Shell House Design: Spectacularly Curved Architecture. Hovering above the ground, stark white against the surrounding greenery, this Shell Villa by ARTechnic seems like a space cruiser from the future frozen in time and in a foreign place.
While it stands out sharply from its surroundings this stunning structure also deforms, wraps and curves to its environment in remarkable ways. The exterior curves of this remote retreat arc around a central tree which strong informs the space shaped in the interior courtyard area. While this curious form makes for an interesting visual object it also informs how people move in, through and around it – in arcing, organic and naturalistic paths left by the voids inside and out. The Shell House in the Forest by ARTechnic Architects. Over the last years Japanese architecture becomes more and more inspiring and gives the world the increasing amount of unique ultramodern design ideas.
This outstanding house is another example of extraordinary Japanese architecture. It was created by ARTechnic architects and is located in the forest near Kitasaku, a district of Nagano. There are not too many of such intact places in Japan; the surrounding trees and the tree in the patio make you feel very calm and close to the nature. Unlike it is with other contemporary homes you won’t find too many sharp edges in the Shell Residence design. ARTechnic didn’t only design the exterior, but also created the special furniture collection to complement the general concept of the house. The house itself can be hardly described – it looks like an oval space ship shell, or perhaps like an oyster shell, except that it would have to be a very intelligent oyster. You might also like. Exterior And Interior. ShareThis Japanese architecture firm ARTechnic has designed and completed this unusual- but beautiful and minimalist- concrete ovoid home in Karuizawa, Japan.
Built in two sections, around a fir tree, it is nestled in a forest and is as amazing inside as it is on the outside. You can see how the two ovals are constructed around the fir tree: And now, the interior, complete with curved banquets, wood built-ins and round skylights: above photos provided by Nacasa & Partners Inc If you wish to learn more, Rose Etherington has gone into great detail about the home on Dezeen, including floorplans, how the initial plans changed over time and building details here. Shell by ARTechnic architects. Japanese architects ARTechnic have completed Shell, a holiday villa in Karuizawa, Japan.
The two-storey, concrete house comprises two tubes with oval sections, arranged around a fir tree. The floor is raised 1.4 metres from the ground; the architects intended to minimise time spent on maintaining the property by separating the house from its natural surroundings. "Being in sync with nature isn’t about yielding to nature – it’s about coexistence," explains Kotaro Ide of ARTechnic. Shell Villa by ARTechnic Architects. ARTechnic Architects have designed the Shell Villa, located in Nagano, Japan.
Visit the website of ARTechnic Architects – here. Read a detailed description of the house after the photos… Photos by Nacasa & Partners Description from ARTechnic Architects: A large shell shaped structure finds itself in the middle of the woods. Desiring a place that will be occupied frequently over many years and yet at the same time be in sync with nature, we came up with the aforementioned scenery of a large shell structure floating above ground. Being in sync with nature isn’t about yielding to nature – it’s about coexistence. The regions’ low temperatures and high humidity level makes for a harsh climate. Leaving the boundary between human life and nature ambiguous is a Japanese virtue. It goes without saying that villas should not only be functional spaces for the weekend. Description of mechanical system For the house to be actually used, we paid the ultimate attention to its comfort and performance level.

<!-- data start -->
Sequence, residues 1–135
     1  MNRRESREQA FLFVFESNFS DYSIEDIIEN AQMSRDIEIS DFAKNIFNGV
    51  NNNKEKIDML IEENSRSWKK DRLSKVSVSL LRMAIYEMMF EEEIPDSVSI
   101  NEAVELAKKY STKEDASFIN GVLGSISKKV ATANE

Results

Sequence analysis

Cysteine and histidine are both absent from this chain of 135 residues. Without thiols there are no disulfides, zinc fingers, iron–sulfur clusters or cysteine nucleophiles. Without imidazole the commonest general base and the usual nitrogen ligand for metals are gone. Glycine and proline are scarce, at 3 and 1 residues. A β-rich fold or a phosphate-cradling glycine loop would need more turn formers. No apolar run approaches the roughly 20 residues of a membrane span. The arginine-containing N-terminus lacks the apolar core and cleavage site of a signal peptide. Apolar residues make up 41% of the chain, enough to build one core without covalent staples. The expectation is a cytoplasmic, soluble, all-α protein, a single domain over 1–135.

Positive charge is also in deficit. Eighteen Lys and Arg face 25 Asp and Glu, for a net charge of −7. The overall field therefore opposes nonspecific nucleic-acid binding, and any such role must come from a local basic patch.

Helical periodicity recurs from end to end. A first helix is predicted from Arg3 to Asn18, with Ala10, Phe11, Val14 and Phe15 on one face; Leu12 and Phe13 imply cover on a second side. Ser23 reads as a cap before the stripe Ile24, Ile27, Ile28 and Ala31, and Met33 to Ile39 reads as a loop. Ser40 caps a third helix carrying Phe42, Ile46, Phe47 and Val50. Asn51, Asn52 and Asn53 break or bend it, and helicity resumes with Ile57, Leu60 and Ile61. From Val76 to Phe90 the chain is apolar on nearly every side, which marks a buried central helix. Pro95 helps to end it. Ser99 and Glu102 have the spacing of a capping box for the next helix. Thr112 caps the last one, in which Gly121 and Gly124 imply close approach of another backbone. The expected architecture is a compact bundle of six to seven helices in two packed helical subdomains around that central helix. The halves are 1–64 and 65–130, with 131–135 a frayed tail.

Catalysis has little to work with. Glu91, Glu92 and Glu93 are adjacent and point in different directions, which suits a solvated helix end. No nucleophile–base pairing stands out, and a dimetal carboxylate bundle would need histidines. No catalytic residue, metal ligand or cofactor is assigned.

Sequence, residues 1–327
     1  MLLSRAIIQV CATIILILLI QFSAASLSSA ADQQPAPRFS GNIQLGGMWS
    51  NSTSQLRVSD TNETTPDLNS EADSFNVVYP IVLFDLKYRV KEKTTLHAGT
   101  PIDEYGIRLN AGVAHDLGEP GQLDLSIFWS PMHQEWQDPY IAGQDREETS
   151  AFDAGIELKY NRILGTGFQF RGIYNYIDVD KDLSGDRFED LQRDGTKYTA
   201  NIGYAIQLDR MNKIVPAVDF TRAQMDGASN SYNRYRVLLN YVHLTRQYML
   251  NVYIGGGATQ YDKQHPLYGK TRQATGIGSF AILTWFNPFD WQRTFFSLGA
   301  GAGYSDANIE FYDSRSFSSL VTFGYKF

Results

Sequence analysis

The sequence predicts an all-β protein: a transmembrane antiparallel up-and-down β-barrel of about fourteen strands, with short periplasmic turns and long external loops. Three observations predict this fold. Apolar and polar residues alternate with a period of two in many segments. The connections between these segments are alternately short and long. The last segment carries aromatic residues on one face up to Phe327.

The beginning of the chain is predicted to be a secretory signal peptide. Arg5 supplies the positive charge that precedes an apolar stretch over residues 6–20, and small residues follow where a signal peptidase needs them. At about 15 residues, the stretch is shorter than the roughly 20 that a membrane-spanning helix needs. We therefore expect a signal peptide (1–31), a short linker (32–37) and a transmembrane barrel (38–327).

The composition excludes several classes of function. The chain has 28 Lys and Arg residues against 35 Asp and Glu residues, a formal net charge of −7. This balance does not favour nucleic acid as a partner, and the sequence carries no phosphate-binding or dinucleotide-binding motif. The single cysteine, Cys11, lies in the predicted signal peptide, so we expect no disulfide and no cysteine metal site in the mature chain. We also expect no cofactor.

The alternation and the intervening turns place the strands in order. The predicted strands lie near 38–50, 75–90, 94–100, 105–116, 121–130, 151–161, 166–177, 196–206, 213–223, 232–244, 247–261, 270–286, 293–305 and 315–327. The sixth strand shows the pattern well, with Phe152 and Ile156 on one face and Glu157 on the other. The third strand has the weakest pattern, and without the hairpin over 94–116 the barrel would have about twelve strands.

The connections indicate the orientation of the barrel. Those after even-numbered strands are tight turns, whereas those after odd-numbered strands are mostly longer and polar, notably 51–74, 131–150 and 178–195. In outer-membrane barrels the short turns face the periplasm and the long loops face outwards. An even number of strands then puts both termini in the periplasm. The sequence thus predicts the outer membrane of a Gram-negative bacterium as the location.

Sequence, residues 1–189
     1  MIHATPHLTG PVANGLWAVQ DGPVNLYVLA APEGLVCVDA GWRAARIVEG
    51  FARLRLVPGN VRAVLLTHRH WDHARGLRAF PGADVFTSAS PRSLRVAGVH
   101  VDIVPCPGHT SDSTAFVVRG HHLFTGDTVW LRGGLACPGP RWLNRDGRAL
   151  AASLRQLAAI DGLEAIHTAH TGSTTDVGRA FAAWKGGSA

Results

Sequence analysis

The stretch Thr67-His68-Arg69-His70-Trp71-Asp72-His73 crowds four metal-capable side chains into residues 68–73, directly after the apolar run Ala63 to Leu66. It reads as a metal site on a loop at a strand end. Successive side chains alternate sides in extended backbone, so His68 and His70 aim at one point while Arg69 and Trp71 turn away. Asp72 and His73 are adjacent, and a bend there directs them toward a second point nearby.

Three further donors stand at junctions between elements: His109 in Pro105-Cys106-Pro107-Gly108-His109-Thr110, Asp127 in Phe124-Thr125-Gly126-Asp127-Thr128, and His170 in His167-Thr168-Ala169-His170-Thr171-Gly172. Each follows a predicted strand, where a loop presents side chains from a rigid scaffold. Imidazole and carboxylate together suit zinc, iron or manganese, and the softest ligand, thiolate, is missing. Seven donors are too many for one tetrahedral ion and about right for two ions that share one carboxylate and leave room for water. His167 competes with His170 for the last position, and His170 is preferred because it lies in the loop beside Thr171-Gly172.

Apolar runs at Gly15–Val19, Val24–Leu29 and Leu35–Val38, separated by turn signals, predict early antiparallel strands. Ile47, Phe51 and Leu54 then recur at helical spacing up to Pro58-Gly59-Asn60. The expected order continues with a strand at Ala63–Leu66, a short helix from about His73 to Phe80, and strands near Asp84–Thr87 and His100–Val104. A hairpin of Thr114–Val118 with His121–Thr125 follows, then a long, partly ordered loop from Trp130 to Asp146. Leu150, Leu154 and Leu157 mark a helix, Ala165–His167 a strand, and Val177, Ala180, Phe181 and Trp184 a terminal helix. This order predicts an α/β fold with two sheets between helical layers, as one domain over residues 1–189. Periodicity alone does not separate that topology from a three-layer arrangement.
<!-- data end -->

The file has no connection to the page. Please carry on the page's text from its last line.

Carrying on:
Archdaily. Architects: Kotaro Ide / ARTechnic architects Location: Kitasaku, Nagano, Japan Assistants: Moriyuki Fujihara, Ruri Mitsuyasu, Takashi Mototani (former member), Kenyu Fujii Collaborator: Manami Ide (designer of customized metal work) Structural Engineer: Naomi Kitayama / NAO Mechanical engineer: Hiroshi Nakayama / TNA Electrical Engineer: Jyunetsu Satou / EPS Contractor: Kenji Kusunoki / GIKAKU Site Area: 1,711 sqm Constructed Area: 329 sqm Construction year: 2008 Photographs: Nacasa & Partners Inc.
A large shell shaped structure finds itself in the middle of the woods. It is hard to determine what exactly the structure is, and unlike the surrounding caves and rocks, it clearly is not a part of nature – nor is it a ruin. A frame, a shape, made at a completely different place for a completely different purpose. Within this shell shaped structure will one find floors constructed, wall separating spaces, and rooms furnished. Description of mechanical system. Artechnic Japan. NEWS BLOG: Shell House Design. Shell House Design Interior. The interior of the home is as organic as the exterior, flowing and curving as the shell would suggest from the outside and with furniture, furnishings and fixtures that also conform to the ebbs and flows of the building’s shape. provides protection from the elements for each interior space.Each space flows into the next, with the common elements of white (for the shell and some furniture) and wood (for virtually everything else) tying the experience together.
Likewise, natural ventilation carries throughout the whole house. The net result at night is a sense of comfort and enclosure - a connection to the elemnents through a copious use of glass mitigated by a thick, wrapping exterior shell. All in all, the results are somehow a blend of ultramodern and completely contextual.